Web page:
(Roughly) Daily

Posts Tagged ‘David Lynch

“The more the universe seems comprehensible, the more it also seems pointless”*…


It was hiding in plain sight, and yet it was almost designed not to be noticed at all. For several years from the mid-1980s to the early 1990s, an experimental four-panel comic strip conceived and written by David Lynch ran in a handful of alt-weeklies under the title “The Angriest Dog in the World.” If you were the type of person who might have been flipping through the Los Angeles Reader or the New York Press or Creative Loafing or the Baltimore City Paper around 1987, you surely remember the peculiarly unfunny strip with the never-changing image of a tiny, spermatozoa-esque pooch straining at his lead in which the deadpan resolution was almost always a transitional nighttime image of the same godforsaken yard.

It is said that Lynch came up with the idea for the strip during the long gestation period for Eraserhead in the early to mid-1970s, but it was only after the prominent releases of The Elephant Man and Dune that Lynch was able to convince anyone to run the strip. James Vowell, founding editor of the L.A. Reader, was the first publisher to bite. Vowell told SPIN in 1990 that Lynch drew the template for the strip a single time and sent it on, and after that it was the task of David Hwang, the alt-weekly’s art director, to receive the dialogue for each new installment from Lynch himself or Lynch’s assistant Debbie Trutnik, and draw the new dialogue on a piece of wax paper that was then superimposed over the strip’s template…

More of the story– and more (and larger) examples of the strip– at “David Lynch’s memorably pointless comic strip “The Angriest Dog in the World.”

* Nobel Laureate Steven Weinberg


As we reconsider the ridiculous, we might send malleable birthday greetings to Randolph “Ralph” Dibny; he was born on this date.  Better known as “Elongated Man,” Dibney is a superhero in the D.C. Universe, a member of three incarnations of The Justice League.  A former police detective of the Central City Police Department, he gained his powers due to exposure to dark matter from the Speed Force.

Dibny was one of the earliest Silver Age DC heroes to reveal his secret identity to the public, and also one of the first to marry his love interest, Sue.  After teaming up with several other superheroes including Batman, Green Lantern, the Atom, Zatanna and the Justice League of America, he became a member of the team; eventually, his wife became a member as well.  The couple was notable for having a stable, happy, and relatively trouble-free marriage—an anomaly in the soap-operatic annals of super hero comic books.



Written by (Roughly) Daily

May 26, 2018 at 1:01 am

“Cold, cold, cold”*…


Around the millennium, [David] Lynch and sound engineer John Neff worked on a number of projects together, one of which was their band BlueBOB (whose “Thank You, Judge” was an example of high-quality streaming video at the time). Another was a “restored” CD of the Eraserhead soundtrack released on Lynch’s Absurda label in 2001. “Eraserhead Soundtrack cleaned with Waves Restoration-X Plugins for ProTools treated with the Aphex 204 Aural Exciter,” the liner notes explained.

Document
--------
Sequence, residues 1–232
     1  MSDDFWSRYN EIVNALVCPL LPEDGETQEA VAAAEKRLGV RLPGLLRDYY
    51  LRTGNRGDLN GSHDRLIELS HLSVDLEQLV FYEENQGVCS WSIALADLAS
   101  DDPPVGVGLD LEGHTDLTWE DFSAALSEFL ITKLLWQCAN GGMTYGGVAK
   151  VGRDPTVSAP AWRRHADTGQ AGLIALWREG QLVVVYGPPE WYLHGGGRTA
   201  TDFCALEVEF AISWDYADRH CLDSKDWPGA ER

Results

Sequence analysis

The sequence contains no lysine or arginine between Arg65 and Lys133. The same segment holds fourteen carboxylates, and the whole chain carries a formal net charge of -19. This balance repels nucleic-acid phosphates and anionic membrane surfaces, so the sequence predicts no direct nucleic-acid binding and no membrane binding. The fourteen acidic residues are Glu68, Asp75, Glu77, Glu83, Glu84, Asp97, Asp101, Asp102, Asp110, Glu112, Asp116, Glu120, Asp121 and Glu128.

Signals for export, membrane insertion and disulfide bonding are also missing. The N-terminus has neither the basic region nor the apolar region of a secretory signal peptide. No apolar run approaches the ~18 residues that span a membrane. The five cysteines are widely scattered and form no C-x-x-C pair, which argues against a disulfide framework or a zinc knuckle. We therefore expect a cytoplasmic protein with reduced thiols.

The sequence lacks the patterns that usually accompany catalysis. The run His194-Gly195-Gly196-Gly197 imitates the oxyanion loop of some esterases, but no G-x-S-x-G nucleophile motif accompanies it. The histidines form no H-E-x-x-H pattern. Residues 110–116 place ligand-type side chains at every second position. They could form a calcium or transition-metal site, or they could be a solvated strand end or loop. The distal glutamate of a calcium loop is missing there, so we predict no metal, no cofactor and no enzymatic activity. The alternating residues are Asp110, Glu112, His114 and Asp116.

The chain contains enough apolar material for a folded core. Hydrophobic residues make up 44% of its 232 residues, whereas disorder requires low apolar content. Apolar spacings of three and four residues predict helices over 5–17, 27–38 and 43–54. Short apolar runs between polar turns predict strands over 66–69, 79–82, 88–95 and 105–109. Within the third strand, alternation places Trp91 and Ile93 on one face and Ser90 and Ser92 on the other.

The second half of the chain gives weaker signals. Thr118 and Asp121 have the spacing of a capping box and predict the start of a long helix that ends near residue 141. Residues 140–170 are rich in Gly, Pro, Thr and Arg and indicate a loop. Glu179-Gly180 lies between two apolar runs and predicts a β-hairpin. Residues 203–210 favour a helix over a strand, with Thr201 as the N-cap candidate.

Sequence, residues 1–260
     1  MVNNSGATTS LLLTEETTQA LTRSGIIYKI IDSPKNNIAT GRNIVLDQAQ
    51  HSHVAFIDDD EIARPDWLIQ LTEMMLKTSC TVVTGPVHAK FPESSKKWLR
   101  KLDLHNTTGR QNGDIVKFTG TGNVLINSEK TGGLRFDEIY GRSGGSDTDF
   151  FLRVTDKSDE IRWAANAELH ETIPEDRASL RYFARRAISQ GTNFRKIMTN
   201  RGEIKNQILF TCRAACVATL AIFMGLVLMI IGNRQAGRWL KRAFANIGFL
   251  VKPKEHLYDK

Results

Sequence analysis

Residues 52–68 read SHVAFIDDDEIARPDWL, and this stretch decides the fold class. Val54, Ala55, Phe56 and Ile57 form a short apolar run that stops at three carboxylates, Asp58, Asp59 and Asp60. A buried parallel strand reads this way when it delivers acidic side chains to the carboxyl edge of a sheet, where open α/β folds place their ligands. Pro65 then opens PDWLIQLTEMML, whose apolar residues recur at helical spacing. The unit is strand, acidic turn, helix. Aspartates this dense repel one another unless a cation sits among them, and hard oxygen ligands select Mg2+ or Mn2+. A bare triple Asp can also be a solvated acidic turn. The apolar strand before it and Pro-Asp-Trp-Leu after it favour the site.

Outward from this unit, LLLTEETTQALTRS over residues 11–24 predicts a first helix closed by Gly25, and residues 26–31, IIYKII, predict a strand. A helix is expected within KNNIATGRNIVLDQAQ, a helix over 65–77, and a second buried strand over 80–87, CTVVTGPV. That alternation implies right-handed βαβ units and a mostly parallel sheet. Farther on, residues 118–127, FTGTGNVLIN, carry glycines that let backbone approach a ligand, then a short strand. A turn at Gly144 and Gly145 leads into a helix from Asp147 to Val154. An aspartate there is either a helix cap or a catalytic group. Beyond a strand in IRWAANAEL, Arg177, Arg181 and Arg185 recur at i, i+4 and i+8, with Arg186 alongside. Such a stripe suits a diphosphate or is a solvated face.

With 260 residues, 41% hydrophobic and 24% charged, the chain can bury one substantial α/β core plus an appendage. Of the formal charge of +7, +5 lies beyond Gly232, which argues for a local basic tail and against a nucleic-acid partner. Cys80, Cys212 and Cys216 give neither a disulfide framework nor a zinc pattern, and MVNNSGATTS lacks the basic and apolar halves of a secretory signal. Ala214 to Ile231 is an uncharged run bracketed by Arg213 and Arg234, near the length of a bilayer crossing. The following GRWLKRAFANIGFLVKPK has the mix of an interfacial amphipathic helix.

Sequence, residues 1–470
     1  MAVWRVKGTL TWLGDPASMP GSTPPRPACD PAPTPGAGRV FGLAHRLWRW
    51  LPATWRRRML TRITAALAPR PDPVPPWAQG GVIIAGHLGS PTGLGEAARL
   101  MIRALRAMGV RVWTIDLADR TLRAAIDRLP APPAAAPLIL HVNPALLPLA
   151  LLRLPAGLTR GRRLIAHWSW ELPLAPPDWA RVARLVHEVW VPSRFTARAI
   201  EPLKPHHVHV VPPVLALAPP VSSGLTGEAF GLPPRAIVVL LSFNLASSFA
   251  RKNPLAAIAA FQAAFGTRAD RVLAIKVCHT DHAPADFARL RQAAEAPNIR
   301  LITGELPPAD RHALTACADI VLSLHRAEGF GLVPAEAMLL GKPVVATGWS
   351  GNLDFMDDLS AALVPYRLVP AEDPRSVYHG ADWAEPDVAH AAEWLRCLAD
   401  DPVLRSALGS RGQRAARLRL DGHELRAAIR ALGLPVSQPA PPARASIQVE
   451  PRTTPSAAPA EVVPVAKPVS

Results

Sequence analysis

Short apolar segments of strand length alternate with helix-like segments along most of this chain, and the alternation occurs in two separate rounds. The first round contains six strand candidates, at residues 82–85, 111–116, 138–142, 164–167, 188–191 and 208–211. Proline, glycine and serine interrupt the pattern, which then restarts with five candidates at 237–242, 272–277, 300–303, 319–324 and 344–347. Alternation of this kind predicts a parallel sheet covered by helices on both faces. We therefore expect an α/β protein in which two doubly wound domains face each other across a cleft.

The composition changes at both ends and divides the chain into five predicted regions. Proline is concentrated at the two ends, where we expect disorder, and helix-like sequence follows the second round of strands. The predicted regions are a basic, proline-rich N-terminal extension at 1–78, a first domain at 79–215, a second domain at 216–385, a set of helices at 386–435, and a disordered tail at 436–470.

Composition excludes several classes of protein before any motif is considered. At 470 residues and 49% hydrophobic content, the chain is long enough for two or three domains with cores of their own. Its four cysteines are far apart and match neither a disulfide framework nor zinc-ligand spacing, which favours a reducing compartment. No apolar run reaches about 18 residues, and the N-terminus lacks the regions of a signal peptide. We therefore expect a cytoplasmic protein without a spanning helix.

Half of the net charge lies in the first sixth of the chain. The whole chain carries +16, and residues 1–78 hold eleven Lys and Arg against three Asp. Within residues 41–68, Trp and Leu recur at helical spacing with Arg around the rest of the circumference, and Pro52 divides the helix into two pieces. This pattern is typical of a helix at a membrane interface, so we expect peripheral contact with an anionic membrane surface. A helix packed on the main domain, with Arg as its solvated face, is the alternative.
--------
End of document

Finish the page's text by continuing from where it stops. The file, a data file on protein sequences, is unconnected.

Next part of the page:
Original Soundtrack Plus was so named because it dangled a bonus track: Lynch and Neff’s ten-minute, 16-second “Eraserhead Dance Mix.” It may not transport you to the exact same place as the original album, but it will take you to a nearby, very cold region of that territory…

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More of the backstory at “In heaven everything is funky fresh: David Lynch’s dance mix of the Eraserhead soundtrack.”

* Lowell George, Little Feat


As we tap our toes, we might recall that on this date in 1964, The Beatles had the #1, #2, #3, #4, and #5 spots on Billboard‘s U.S. Singles chart: #1, “Can’t Buy Me Love”; #2, “Love Me Do”; #3, “She Loves You”; #4, “I Want To Hold Your Hand”; and #5 ,”Please Please Me.”   It was the first and only time any recording act has ever achieved that feat.  At the same time the Fab Four also had nine other singles on the Hot 100 for a total of 14 at the same time– also still a record.



Written by (Roughly) Daily

April 4, 2017 at 1:01 am

A mouse that roars…


Long-time (pre-blog) readers will recall Brian Burton– aka Danger Mouse– and his Grey Album, a mash-up of the Beatles (White Album) and JayZ that landed Mr. Mouse in trouble with the Beatles’ distributor, EMI…  trouble that lingers.

So readers may be delighted-but-not-altogether-surprised at the release strategy for the new Danger Mouse album:  It’s  collaboration with David Lynch and Sparklehorse, featuring , among others, Julian Casablancas (The Strokes), Black Francis (The Pixies), Vic Chesnutt, The Flaming Lips, James Mercer (The Shins), Gruff Rhys (Super Furry Animals), Jason Lytle (Grandaddy), Nina Person (The Cardigans), and Iggy Pop (Stooges, Bowie, et al.)…  pretty much a must-hear!

Rather than release this latest work in the traditional way, and face legal issues with EMI, Danger Mouse will be selling a blank CD-R along with lots of artwork.  Buyers will be responsible for finding the music themselves (indeed, it’s findable on the internet, e.g., here) and burning the CD.

One tips one’s ears to you, Mr. Mouse!

As we limber our surfing fingers and contemplate changes in retail-as-we-know-it, we might recall that it was on this date 161 years ago, in 1848, that the first real department store, Alexander Turney Stewart’s Marble Palace, at Broadway and Chambers Street in New York City, opened…

The Marble Palace
(later the home of the New York Sun; now a City office building)

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